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5 Most Telling Statistics from Washington Capitals' 2013 Season

Robert WoodCorrespondent IApril 25, 2013

5 Most Telling Statistics from Washington Capitals' 2013 Season

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    Hockey nerds, unite!

    It's time to review the most revealing statistics from the Washington Capitals' 2013 season.

    But before we go any further, I'm curious about one thing:

    When a hockey nerd pulls out his graphing calculator to compute statistics, does he wear a safety visor instead of a pocket protector?

    Anyways, here are the five most telling statistics from the Washington Capitals' 2013 season.

     

    Note: All statistics updated through April 24 courtesy of NHL.com unless otherwise noted.

5. Power-Play Percentage

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    In an 82-game season, there is a weak correlation between power-play success and qualifying for the postseason.

    Case in point: During the 2011-12 season, only six of the top 10 power-play units made the playoffs. Conversely, the Capitals made the playoffs while finishing with the 19th-best power-play unit at 16.73 percent, below the league average.

    The 2013 season, however, did not consist of an 82-game schedule. Due to the lockout, this year's NHL season was only 48 games long.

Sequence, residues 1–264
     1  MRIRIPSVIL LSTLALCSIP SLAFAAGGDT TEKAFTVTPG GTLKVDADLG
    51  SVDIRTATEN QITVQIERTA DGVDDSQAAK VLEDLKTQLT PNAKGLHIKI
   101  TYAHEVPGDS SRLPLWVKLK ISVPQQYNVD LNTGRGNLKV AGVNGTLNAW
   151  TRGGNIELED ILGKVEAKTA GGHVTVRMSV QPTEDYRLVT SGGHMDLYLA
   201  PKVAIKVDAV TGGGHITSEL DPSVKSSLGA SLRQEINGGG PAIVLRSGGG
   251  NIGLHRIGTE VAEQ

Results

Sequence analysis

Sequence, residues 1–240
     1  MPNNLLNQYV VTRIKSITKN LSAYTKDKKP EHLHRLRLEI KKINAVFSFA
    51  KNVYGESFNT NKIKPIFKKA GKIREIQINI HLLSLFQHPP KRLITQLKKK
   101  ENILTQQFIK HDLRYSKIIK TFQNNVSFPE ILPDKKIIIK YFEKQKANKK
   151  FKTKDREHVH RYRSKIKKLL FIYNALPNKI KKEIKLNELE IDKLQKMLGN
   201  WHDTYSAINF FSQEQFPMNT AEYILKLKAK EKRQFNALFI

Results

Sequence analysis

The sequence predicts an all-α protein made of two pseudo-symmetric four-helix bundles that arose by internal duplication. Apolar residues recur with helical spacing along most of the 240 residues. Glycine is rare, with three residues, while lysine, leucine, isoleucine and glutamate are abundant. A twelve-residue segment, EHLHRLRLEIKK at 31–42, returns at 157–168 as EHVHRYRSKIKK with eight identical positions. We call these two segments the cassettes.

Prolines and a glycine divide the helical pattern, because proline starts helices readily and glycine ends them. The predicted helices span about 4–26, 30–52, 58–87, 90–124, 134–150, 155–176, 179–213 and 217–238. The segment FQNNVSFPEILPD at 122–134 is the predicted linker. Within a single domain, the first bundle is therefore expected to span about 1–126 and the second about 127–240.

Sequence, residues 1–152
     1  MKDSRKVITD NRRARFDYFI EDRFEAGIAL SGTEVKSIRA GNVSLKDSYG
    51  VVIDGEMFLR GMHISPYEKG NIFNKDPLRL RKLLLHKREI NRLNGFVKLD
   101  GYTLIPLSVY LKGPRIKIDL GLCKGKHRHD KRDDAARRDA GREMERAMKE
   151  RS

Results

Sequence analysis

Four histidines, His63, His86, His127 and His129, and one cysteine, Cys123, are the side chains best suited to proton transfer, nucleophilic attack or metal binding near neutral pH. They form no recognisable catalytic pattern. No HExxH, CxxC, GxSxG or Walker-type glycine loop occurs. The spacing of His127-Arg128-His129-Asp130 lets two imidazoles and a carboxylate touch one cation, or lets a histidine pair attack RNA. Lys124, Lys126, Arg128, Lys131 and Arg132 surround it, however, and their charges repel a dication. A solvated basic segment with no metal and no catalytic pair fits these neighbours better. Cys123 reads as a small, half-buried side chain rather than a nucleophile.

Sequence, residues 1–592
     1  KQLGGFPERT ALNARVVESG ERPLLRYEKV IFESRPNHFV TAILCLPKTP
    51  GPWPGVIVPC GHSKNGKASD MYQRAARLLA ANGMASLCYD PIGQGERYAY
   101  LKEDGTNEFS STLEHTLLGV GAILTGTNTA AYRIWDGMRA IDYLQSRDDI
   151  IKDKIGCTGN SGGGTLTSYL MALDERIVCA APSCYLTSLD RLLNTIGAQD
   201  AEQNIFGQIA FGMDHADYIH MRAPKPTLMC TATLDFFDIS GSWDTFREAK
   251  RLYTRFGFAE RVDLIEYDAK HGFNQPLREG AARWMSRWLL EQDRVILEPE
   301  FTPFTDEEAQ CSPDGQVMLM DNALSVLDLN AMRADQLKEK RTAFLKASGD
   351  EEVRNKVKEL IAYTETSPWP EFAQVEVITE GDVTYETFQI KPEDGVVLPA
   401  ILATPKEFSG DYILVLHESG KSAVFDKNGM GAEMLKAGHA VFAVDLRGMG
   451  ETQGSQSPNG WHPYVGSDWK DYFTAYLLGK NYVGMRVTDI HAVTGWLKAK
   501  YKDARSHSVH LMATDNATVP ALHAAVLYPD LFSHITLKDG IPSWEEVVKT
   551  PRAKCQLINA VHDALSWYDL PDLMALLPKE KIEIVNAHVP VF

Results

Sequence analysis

To obtain context, we must instead compare the 2013 season to the last time the NHL had a 48-game schedule: 1994-95. That season, nine of the top 10 power-play teams qualified for the postseason.

    This season, the Washington Capitals did finish with one of the top-10 power-play units in the league. In fact, they finished with the best power-play percentage, with a success rate of 26.0 percent. That power-play success correlated to a berth in the postseason.

4. Win Percentage by Shot Totals

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    It is often preached in hockey circles that a team must outshoot its opponent in order to be successful.

    The Washington Capitals attempted to prove that theory during the NHL season.

    The Capitals are 10-3-0 when they outshoot their opponent, for an outshooting win percentage of .769. That is third best in the entire NHL, trailing only the Pittsburgh Penguins (.800) and Chicago Blackhawks (.781).

    Things change dramatically when the tables are turned.

    Washington is 16-15-2 when being outshot by the opposing team. That equals an outshot by win percentage of .485, good for 13th in the league.

3. Second-Period Goals

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    All season long, the Capitals found a way to excel in the second period.

    The Capitals scored 56 goals in the second period, more than any other period.

    In fact, the Caps led the NHL in second-period goals for.

    To further prove the Capitals' dominance in the middle frame: Washington is 8-9-2 when trailing after the first period, for a win percentage of .421. That mark is fourth best in the NHL.